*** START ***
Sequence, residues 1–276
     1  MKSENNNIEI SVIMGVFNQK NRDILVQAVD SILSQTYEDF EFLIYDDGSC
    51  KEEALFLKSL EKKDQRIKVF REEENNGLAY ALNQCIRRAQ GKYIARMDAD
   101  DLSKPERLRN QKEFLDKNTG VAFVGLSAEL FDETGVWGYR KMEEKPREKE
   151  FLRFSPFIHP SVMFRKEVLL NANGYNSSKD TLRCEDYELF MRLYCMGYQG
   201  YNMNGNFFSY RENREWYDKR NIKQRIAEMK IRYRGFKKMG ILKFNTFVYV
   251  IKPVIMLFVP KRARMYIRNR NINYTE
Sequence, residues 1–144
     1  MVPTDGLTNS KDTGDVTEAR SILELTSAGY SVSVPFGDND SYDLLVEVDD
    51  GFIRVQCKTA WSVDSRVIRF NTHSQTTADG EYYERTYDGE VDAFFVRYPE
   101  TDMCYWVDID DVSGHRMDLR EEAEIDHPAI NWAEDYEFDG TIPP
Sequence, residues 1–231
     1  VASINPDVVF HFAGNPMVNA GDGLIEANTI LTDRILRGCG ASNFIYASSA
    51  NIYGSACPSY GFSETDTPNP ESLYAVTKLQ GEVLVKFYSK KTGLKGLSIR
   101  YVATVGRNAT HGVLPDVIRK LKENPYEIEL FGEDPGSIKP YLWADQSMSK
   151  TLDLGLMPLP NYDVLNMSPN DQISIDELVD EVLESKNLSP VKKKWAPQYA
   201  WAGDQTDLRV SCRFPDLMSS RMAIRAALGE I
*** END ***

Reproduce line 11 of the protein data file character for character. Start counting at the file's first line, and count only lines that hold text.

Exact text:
   101  TDMCYWVDID DVSGHRMDLR EEAEIDHPAI NWAEDYEFDG TIPP